About a month ago I had a chance to talk to Keller Williams via phone about his new album, this summer’s tour, his new bandmates, Bob Weir, the future, and everything in between. I believe he was walking around in the woods at the time as you’ll see in his first response. Throughout I’ve thrown in some pictures from his recent Urbana show at The Canopy Club on 04/25/2007. Check it out:
Kane Jamison: You’ve always been solo, other than some Keller Williams Incident shows, Keller and the Keels, the new album, Dream, and now the WMD’S tour. I was wondering what sparked the transition towards working with the full band more often.
Keller Williams: Well first and foremost it is definitely not a tour, we are just doing…. Whoa! There’s a snake… hello!… Uhhh… oh my god that’s a big snake right there, hang on just a second….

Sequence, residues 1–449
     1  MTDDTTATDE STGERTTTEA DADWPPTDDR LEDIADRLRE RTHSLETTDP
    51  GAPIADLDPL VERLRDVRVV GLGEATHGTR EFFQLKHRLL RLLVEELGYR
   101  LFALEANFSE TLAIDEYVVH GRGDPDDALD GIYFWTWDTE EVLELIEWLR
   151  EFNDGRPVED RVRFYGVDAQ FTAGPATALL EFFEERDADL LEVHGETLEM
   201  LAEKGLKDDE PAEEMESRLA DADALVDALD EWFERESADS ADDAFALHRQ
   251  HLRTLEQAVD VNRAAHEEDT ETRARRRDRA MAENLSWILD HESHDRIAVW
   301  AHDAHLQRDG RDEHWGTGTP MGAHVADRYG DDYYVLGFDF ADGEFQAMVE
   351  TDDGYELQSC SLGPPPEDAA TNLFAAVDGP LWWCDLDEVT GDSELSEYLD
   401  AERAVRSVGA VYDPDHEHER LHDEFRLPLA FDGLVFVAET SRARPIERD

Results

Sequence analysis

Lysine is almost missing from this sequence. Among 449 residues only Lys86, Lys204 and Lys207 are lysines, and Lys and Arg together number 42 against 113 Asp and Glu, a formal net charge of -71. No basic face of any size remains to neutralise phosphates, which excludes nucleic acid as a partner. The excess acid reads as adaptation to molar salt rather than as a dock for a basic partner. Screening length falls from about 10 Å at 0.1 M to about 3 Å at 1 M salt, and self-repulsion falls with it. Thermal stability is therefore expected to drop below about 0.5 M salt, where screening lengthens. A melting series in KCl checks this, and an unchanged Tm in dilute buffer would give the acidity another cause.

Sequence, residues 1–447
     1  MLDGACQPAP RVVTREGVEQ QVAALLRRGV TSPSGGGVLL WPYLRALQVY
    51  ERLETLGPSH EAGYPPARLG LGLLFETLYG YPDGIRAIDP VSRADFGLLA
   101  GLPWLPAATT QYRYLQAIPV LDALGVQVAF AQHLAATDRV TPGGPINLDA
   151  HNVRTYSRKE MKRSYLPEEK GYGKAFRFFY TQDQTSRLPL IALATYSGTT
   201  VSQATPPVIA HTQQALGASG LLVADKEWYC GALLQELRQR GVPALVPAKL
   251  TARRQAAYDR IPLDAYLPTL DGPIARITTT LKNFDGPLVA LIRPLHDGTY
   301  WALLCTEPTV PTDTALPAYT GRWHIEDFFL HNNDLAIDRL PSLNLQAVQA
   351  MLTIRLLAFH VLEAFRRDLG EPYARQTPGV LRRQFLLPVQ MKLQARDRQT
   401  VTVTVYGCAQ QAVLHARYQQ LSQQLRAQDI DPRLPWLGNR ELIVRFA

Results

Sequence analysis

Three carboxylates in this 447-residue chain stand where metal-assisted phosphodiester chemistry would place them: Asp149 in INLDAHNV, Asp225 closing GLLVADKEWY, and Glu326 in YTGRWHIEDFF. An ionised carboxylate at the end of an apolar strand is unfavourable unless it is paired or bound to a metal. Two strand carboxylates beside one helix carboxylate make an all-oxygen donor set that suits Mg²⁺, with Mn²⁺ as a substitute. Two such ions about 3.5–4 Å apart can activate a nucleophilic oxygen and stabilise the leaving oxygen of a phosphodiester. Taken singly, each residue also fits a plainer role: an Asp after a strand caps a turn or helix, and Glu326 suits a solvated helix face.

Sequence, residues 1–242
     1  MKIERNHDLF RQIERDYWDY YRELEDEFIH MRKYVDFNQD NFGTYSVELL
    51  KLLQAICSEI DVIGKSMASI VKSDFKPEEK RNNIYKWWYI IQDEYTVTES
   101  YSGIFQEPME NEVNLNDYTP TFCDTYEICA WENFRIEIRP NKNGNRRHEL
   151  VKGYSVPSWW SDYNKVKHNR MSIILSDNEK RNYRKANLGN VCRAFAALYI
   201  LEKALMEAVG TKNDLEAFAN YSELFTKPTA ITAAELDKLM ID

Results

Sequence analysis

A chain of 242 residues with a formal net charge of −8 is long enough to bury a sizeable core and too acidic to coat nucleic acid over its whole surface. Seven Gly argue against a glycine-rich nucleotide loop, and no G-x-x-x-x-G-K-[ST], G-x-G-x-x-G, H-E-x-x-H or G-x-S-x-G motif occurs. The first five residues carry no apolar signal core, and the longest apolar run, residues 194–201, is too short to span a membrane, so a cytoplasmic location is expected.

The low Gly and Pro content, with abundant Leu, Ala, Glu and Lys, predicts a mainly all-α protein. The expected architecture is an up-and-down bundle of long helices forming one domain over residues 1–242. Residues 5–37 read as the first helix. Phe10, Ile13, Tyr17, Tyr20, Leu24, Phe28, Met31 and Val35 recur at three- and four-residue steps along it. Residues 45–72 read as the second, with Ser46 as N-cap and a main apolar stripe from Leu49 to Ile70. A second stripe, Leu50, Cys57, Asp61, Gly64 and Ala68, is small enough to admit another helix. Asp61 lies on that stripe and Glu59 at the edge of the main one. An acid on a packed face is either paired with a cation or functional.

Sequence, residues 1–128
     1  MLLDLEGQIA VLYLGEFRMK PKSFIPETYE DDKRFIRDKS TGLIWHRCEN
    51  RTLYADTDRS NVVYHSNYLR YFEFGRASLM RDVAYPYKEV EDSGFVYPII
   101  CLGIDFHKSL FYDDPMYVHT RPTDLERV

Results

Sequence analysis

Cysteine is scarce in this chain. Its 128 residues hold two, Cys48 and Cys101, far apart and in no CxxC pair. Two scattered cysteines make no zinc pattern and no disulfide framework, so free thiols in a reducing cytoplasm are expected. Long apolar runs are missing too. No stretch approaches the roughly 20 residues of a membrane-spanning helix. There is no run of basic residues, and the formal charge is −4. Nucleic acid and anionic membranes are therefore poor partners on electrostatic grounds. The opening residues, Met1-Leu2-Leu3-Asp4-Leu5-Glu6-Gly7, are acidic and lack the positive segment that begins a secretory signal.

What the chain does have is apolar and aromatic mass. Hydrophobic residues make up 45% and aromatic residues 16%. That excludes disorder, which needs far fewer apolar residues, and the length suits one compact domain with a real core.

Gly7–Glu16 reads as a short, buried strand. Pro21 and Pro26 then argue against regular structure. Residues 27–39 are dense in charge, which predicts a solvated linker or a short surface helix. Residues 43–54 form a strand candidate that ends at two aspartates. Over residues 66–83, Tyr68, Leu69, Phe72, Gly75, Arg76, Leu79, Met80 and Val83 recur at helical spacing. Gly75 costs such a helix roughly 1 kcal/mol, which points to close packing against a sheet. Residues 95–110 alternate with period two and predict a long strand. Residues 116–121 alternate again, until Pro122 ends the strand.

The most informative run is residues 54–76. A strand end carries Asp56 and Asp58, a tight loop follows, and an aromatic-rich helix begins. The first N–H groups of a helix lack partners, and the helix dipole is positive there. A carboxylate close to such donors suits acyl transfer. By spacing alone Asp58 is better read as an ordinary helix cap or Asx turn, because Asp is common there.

Ok… I’m just going to walk over here… Let’s see, we are just doing four festivals, four weekends in a row, that’s what we have right now. There is a possibility that one day there will be a tour, but as of right now we are just kind of playing it slow and playing it easy. I’m definitely excited about these festivals though. It’s kind of… I’ve always wanted to do the band projects, and a long long time ago there wasn’t really anything in the budget for it, you know? I just wasn’t able to afford it, the money wasn’t there, and it just wasn’t feasible to do it, and then all of a sudden, it just started to work as a solo act. And now I can afford it, and I’m really excited about it. It’s not going to be anything different, it’s not going to be a new sound, I’m not venturing out to look for something completely new, it’s going to be a lot of the similar songs, and it’s just going to be new life breathed into those familiar songs. It’s still going to be me, people are still going to see a Keller Williams show, it’s just going to have that new life breathed into it.